News in Brief: A National Roundup
Education Advocacy Group Shuts Down After 119 Years
An independent advocacy group that has been working in behalf of Philadelphia's public school students for 119 years is closing its doors this week.
The Citizens Committee on Public Education in Philadelphia came up against "a confluence of obstacles" in recent months, said Gail Tomlinson, the executive director of the 200-member group.
The group will maintain a small board to leave open the possibility of reorganizing if funds become available. In addition to grappling with fund-raising difficulties and time constraints on members, the committee's role as a "critical friend" of the schools has become murkier at a time when reforms are under way in the 215,000-student district, she said.
The organization has actively lobbied for desegregation, higher teacher salaries, and smaller classes. Recently, the group joined in a federal suit challenging school funding in Pennsylvania.
--Jessica L. Sandham
Class Discussions Prompt Suit
A San Leandro, Calif., high school teacher has filed a federal lawsuit against his district after being disciplined for talking about anti-homosexual and racial discrimination in his honors English class.
Karl Debro, who is also the faculty adviser for San Leandro High School's Gay/Straight Alliance, claims that he has been targeted because he is African-American and a powerful force at the school against discrimination.
The suit challenges the constitutionality of the 8,000-student district's policy on discussing controversial issues in the classroom, according to his lawyer, Julia Sherwin. Mr. Debro maintains that he never saw the policy before receiving a disciplinary memo singling him out for a 1997 incident in which several teachers discussed tolerance and displayed gay-rights symbols in their classrooms.
Mr. Debro also contends that the policy violates his freedom of speech and said he was warned of further discipline if he continued to voice his opinions.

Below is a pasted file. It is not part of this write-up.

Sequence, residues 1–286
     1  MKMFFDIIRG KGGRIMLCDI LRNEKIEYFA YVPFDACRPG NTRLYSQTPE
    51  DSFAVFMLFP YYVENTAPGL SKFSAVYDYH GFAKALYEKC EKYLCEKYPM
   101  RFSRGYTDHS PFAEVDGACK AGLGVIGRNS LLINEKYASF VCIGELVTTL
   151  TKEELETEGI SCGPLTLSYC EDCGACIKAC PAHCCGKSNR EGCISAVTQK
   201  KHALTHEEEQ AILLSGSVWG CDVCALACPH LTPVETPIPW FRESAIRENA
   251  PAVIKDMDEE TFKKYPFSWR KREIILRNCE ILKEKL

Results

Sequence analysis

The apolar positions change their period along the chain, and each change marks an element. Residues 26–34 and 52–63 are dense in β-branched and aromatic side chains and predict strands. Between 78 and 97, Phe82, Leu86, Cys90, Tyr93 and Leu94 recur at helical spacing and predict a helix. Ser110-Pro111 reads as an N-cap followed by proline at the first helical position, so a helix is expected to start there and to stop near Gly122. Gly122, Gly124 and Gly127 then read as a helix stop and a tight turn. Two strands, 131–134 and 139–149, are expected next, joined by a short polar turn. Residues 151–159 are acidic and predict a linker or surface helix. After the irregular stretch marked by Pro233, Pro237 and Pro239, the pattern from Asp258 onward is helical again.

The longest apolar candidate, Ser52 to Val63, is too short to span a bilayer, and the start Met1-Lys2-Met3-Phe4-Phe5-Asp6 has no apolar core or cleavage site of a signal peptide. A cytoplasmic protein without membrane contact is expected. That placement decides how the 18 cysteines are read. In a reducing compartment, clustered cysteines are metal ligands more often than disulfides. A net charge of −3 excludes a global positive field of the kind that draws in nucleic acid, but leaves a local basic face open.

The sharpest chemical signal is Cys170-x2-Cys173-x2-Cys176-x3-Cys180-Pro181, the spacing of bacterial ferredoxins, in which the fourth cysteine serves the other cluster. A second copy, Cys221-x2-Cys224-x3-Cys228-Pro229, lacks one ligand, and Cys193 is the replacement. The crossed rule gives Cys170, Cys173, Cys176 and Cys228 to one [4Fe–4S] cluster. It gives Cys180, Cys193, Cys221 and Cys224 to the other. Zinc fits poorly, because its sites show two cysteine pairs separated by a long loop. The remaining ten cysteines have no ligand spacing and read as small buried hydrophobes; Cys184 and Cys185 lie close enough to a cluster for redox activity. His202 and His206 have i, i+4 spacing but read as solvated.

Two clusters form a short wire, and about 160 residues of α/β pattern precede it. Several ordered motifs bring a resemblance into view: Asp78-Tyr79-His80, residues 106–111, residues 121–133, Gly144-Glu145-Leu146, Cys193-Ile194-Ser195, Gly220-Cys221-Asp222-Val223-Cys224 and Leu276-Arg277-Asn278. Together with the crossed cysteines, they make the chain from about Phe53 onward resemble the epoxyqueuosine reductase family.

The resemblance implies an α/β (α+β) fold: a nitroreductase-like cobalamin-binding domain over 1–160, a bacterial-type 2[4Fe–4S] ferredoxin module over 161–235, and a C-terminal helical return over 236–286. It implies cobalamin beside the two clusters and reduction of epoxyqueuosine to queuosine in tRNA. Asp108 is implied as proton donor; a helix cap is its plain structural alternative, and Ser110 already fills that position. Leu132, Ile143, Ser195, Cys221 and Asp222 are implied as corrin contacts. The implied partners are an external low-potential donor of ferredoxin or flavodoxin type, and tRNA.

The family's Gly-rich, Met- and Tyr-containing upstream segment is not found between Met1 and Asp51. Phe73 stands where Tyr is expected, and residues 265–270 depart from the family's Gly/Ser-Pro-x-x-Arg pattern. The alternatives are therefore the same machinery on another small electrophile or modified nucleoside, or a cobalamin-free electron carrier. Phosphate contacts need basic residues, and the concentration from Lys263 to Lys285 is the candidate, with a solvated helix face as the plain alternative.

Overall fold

School officials would not comment on the lawsuit.
--Karen L. Abercrombie
ATF Studies Youth Gun Purchases
Teenagers who use guns to commit violent crimes are more likely to procure them from an adult who purchased the weapon on their behalf than by stealing them from someone's house, a federal report released last week shows.
One-third to one-half of the guns used by young people to commit crimes were given to them illegally from so-called straw purchasers who bought the weapons from licensed gun-shop owners, according to the report by the federal Bureau of Alcohol, Tobacco, and Firearms.
The survey tracked gun purchases in 27 cities over a three-year period. The agency's findings appear to support the argument by gun-control advocates that tighter restrictions on gun purchasing would help thwart gun-related violent crime. They also suggest that existing buyer checks and record-keeping methods may not be working as well as they should to keep weapons out of the hands of juveniles.
Racy Newspaper Brings Expulsion
A 16-year-old student disgruntled with his high school's newspaper has been expelled for the remainder of his school career after distributing what school officials describe as a racy underground newspaper on school grounds.
By a 5-1 vote, the Wisconsin Dells school board agreed last month to expel John Krahn, a junior at the 516-student school, for "insubordinate and disrespectful" behavior and "a violation of school rules," said Peter Martin, a lawyer for the district.
Mr. Krahn's work "was designed to debase and defame some administrators, staff, and students," Mr. Martin said.
Mr. Krahn could not be reached for comment.
Student Takes Principal Hostage
A principal in Maryville, Tenn., was held at gunpoint in his office for three hours last week by an 8th grade student.
Students at Montvale Elementary School told Principal James Ratledge that the 14-year-old boy had a weapon on campus. Mr. Ratledge confronted the youth in the hallway but did not find a weapon, according to police.
When the principal took the boy to his office, the student pulled a gun from his pants and pointed it at the principal, police said. An assistant principal witnessed the Feb. 24 incident and called the police. About 800 students were evacuated from the K-8 school, police said.
After police negotiated with the student, he let the principal go unharmed. The student surrendered two hours later.
--Karen L. Abercrombie
Van Accident Kills Six Children